I'm going down to S-12 today.
I'm wearing my red helmet on account of having to duck under the trailer's overhang to get my bike, and there are cobwebs under there, light as a feather but all sticky in my hair; they'd probably feel like silkworms if I let myself touch them.
When I get onto the dirt lane I slip a leg over the bike and run a finger over the handlebar's shiny blueness, like the endless sky, which today is all filled up with cottony clouds. Lately their puffy softness is F-18s and dinosaurs; their sinister jaws or tails distort every time the Wind Gods blow.
I pedal hard to get up some speed. I tilt my head and listen to the tires on the gravel they put on the road to keep it from getting muddy. Today there's a sizzle to the usual crunch. Stinging sweat soaks my armpits and my thighs are wet, because it's so bloody darn hot that I'm melting from the outside in, I think.
The blistering breeze off the Darnley Basin slaps my flushed cheeks. I ride faster, like the wind. It cries all in and around the hurts. Howling, I hurl myself into its mercy and grace.
Red cliffs on the other side of the basin rise like warnings, all shadowy and light. At the top there's a soft coating of green grass, and if I squint I can see tufts of Devil's Paintbrush. I wonder how the yellow flowers got their name but my heart knows it can't be for any good reason.
I float past two women talking by a trailer. One is all bright and sunny in her orange shirt. But she doesn't wave, even though I look at her, my smile ready. I turn my head away to stare at the water, and then the smile comes unbidden, because stifling heat melts in the face of a Gulf breeze.
I whip around the corner at the end; it's either that or catapult into the basin. I'm already wet. I don't want to get soaked.
There's a cadence to my ride. I start pedaling back uphill. A burn starts in my quads and I drive harder, rhythmically, because music keeps me from giving up. I keep the beat, one leg circling and then the other. I grunt over the handlebars.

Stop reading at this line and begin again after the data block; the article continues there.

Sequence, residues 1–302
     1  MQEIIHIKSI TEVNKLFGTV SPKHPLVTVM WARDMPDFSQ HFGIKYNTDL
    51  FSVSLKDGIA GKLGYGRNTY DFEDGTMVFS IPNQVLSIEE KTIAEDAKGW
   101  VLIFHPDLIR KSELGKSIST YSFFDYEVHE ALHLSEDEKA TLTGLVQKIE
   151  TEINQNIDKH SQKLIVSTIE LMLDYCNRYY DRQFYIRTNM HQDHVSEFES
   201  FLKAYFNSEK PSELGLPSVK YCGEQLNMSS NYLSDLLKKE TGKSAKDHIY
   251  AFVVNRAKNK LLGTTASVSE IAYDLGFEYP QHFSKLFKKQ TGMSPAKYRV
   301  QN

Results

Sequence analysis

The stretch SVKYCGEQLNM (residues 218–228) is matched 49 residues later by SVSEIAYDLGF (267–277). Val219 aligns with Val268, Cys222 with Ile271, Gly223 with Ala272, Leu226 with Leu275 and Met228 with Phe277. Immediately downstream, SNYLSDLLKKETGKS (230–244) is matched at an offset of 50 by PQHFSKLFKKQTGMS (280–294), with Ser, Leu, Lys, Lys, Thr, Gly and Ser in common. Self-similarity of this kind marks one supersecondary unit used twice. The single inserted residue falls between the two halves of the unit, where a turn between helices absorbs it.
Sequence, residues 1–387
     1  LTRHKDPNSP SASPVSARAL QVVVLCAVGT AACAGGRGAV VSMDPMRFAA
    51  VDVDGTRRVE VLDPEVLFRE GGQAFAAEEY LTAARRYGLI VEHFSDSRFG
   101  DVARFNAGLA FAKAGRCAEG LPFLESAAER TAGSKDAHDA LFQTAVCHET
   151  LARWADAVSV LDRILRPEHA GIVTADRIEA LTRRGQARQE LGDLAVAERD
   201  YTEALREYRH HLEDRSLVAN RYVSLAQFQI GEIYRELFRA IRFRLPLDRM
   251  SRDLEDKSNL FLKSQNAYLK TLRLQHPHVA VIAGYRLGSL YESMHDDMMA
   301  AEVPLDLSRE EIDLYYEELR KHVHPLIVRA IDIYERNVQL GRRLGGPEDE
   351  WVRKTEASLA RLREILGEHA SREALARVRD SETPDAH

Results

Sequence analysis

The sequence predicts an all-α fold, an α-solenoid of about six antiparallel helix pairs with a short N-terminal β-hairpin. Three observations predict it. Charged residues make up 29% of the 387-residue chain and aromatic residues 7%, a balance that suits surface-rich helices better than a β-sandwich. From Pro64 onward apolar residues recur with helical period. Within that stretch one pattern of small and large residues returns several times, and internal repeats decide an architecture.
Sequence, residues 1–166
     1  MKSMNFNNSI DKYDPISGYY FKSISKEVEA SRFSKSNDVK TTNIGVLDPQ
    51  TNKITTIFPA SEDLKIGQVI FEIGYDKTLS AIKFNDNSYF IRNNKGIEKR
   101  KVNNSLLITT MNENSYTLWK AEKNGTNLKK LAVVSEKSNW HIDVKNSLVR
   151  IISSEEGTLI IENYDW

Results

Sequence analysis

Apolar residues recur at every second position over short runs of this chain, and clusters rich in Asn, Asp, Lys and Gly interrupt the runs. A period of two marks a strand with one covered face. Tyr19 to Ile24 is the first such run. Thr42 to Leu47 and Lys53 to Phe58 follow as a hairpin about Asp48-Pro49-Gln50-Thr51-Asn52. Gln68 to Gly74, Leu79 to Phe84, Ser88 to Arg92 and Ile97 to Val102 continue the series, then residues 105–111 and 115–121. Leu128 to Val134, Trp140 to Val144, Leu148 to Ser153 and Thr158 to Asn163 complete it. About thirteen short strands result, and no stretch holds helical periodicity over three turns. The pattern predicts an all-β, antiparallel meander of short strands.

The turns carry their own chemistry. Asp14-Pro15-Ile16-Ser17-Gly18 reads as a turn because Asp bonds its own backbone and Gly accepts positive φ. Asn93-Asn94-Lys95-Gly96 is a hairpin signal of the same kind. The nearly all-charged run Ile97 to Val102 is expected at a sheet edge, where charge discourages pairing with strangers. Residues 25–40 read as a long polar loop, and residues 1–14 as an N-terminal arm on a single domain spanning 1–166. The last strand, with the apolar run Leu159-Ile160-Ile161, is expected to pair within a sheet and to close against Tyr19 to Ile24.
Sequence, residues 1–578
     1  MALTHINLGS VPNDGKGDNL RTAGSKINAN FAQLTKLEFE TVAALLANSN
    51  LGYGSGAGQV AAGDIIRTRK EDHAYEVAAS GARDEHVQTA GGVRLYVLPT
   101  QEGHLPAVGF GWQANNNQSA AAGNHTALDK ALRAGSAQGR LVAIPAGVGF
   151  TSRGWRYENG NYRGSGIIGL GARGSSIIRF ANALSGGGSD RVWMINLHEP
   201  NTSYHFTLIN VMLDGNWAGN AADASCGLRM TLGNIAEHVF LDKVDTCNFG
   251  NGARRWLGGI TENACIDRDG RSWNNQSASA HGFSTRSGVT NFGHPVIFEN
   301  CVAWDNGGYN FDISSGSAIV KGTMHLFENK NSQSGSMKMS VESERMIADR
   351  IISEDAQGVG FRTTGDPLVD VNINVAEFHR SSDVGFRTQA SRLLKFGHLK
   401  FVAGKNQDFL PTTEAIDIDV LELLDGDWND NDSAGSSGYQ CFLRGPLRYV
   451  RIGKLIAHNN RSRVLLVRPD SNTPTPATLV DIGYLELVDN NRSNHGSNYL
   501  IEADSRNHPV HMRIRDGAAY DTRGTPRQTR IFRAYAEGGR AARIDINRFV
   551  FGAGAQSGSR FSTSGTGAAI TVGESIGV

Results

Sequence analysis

Soon I start a new downhill. I coast to S-12. My heart is light; I smile all the way down.
I shove my right leg out and drop a faded, dirty flip-flop onto the bench seat of a tired picnic table. My foot slides along until I'm stopped.
I fix my pale eyes on S-12.
I sink into my seat, knuckles white as they clutch the bike's black rubber handle.
S-12's ghosts come back to haunt me.
One night we strolled to a deck overlooking the white sand beach and got a plate of steamy mussels. They came with a tiny clear plastic butter dipper and I ate my mussels soaked and dreamy but my guy ate his naked. There was a long-faced singer. A lady went up and sang harmonies with him and I thought she did a good job for being unrehearsed. She wanted to sing 'Wagon Wheel' but he ducked his head.
"One day I'll learn it."
Then he turned the page on his music.
Later, my guy said the fella would never learn 'Wagon Wheel.' It ain't his kind of song.
Behind us, wavelets kept hugging the beach, which was all sunsetty purply-pink and divine, and all tired and worn out.
I let my eyes drift over to S-12. I was careful not to do that too soon because once I go there sometimes it's hard to come back. But the guy's sing-songey voice was as melty as the creamy pool of butter and the mussels were salty like their old sea-home, so I couldn't help myself.
What took me over the edge in the end was the French family, Quebec French for sure although lots of P.E.I. Acadian folk camp here too, by the twin shores, but I knew this family was Quebec French because the mom had a wide bandana where the hair met her forehead. Her hair was curly and black and she had leggings under her sundress, which also gave the truth of her away. She touched my shoulder when she squeezed into the wooden bench to go sit behind the dampness of her cardboard mussel plate. I felt her go through me and it made her real, even though when I watched her with a nice man and little girls I made up my own stories.